University of Göttingen Alumna Lauren Mason shares her top five tips on how to prepare for a career abroad. As part of the Alumni4Students 2018 lectures under the motto "Career Beyond Borders: How to start your international career!" she shares her advice in a blogpost.

1/ Act local, think global
Even if you’re based in Göttingen to pursue your studies, that doesn’t mean you can’t already get involved with organisations which have an international reach. Joining well-known organisations such as JEF, AIESEC, ESN, or even a youth political party can open doors to a broader network across Europe. It doesn’t require you to leave the city (or even to leave campus most of the time), but it is a great way to add an international twist to your CV.

2/ Quality not quantity in foreign languages
You might think that an international career requires you to speak many different languages. That is true, but in the professional context, employers won’t be interested unless you can actually write emails, reports, and give presentations in that language. So if you’ve browsed the ZESS catalogue and you’re hesitating between that B2 French course and that A2 Italian course, because you really enjoyed last year’s holiday in Tuscany…choose the French. While learning languages is great for your cultural horizons, prioritize quality over quantity, if you’ve got an international career in mind.

3/ Build your future alumni network whilst studying
Today they are your classmates; tomorrow they will be your future colleagues. You’re really passionate about development policy? Take the time to get to know all of the other students in your international development class. Mix with people on the other side of the lecture theatre in your international relations course or join your university´s alumni network. Your flatmates and Netflix will still be there when you get home. But in lectures you are surrounded by a group of young, educated people who are all interested in the same topics as you. (Don’t know where to find them? See point 1). After all, networking is just a fancy word for socialising.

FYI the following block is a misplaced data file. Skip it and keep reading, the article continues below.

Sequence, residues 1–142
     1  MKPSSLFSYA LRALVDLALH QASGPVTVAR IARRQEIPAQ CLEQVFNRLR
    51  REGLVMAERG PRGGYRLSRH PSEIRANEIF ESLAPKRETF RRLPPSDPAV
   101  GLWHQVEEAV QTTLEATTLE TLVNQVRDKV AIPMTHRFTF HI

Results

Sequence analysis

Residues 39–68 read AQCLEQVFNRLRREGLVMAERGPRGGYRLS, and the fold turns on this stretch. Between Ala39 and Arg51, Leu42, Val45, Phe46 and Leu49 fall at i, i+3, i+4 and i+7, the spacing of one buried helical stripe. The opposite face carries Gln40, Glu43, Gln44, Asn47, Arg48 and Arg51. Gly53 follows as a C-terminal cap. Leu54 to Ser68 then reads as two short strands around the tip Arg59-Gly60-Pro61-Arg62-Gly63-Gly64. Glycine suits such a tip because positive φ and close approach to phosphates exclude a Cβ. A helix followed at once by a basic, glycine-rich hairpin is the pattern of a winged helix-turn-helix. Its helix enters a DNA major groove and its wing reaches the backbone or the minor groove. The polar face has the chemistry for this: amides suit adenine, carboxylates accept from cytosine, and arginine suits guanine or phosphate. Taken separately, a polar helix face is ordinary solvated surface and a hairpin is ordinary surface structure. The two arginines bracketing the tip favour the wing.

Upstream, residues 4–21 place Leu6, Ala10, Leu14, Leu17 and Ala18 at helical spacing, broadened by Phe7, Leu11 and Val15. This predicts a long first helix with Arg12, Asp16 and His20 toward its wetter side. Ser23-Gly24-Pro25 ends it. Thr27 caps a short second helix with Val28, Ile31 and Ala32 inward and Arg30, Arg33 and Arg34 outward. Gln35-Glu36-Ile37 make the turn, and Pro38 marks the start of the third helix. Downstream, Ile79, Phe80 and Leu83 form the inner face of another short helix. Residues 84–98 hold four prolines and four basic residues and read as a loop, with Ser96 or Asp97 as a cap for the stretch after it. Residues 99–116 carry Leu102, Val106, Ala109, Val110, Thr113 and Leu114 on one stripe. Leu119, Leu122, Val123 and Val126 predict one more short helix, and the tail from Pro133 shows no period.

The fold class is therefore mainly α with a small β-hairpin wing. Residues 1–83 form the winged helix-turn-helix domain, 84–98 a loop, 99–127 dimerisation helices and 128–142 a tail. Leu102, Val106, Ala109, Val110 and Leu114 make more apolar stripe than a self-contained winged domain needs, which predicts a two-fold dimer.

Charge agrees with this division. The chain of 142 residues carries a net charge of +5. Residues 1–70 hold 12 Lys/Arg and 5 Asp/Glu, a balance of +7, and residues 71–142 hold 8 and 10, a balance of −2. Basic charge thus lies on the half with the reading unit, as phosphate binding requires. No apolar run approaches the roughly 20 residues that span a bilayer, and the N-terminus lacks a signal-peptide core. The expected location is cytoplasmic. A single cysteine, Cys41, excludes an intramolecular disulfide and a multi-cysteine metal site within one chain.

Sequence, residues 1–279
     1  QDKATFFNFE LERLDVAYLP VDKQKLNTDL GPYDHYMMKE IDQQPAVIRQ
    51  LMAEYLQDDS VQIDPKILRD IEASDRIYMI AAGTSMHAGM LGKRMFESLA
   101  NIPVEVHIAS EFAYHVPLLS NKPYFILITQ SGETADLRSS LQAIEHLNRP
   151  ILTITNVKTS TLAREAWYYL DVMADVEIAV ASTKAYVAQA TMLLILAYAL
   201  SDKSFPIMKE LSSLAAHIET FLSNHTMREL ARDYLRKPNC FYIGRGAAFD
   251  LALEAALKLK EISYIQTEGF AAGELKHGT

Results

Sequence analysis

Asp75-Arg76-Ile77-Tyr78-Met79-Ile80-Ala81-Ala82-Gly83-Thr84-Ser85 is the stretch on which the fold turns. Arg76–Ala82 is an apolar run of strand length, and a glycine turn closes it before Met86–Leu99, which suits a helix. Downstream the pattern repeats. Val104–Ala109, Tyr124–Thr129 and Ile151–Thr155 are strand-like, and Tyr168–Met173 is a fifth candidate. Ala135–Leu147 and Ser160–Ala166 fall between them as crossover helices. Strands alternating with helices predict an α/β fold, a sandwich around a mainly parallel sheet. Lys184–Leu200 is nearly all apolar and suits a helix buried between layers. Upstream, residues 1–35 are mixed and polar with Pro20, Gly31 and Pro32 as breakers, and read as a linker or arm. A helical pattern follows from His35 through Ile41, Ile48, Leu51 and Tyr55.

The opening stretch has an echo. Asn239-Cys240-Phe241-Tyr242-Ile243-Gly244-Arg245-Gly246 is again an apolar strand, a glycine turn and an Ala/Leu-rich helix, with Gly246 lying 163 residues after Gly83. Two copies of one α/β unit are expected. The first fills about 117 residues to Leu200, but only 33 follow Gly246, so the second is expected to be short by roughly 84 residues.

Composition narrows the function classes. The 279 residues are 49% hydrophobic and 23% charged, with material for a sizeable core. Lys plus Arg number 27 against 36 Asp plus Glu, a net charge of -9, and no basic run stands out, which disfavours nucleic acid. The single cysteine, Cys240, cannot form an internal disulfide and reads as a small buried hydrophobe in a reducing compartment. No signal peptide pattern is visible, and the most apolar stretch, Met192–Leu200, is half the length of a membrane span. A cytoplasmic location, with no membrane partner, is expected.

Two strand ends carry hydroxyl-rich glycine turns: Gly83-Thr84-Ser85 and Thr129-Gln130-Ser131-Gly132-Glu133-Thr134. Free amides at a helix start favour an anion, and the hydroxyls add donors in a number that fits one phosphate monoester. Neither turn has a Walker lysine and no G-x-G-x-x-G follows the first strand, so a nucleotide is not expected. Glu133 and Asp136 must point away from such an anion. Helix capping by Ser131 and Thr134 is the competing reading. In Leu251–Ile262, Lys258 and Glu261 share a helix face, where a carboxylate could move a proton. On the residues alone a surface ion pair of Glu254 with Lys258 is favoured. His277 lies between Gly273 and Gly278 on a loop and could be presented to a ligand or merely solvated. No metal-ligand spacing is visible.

4/ No time like the present for internships
Keep your eyes on internship announcements long in advance. Some of the best internship offers in the international domain (United Nations, EU institutions, NATO, Council of Europe, GIZ etc.) accept applications 9-12 months in advance. A good tip to not miss out on such offers is to add the websites of all the organisations you’d be interested in working for to the favourites tab on your browser. Systematically checking their vacancies every few weeks means you’ll catch the interesting offers. A propos, for those who don’t know it:

5/ Pick an unusual destination for your next holiday
The best news comes last! This one is from personal experience. If you want to sound like you’re interested in international affairs and what’s going on in the world, swap your next trip to Spain for a sojourn in Armenia, or Belarus, or Macedonia. It’s a great talking point in interviews or during networking events that sets you apart from those who only travel in the pages of the newspaper. They can often be less pricey than Mediterranean holidays anyway…can’t promise as much sunshine though!

Lauren Mason studied MA Euroculture: Society, Politics and Culture in a Global Context in Göttingen and Strasbourg between 2015 and 2017. Before coming to Göttingen, she read Modern and Medieval Languages at the University of Cambridge and undertook internships in a cultural institute in Berlin and at the European Commission’s DG for Education and Culture. After graduating from Göttingen, she worked at the Council of Europe in Strasbourg and is now based at the European Policy Centre in Brussels.

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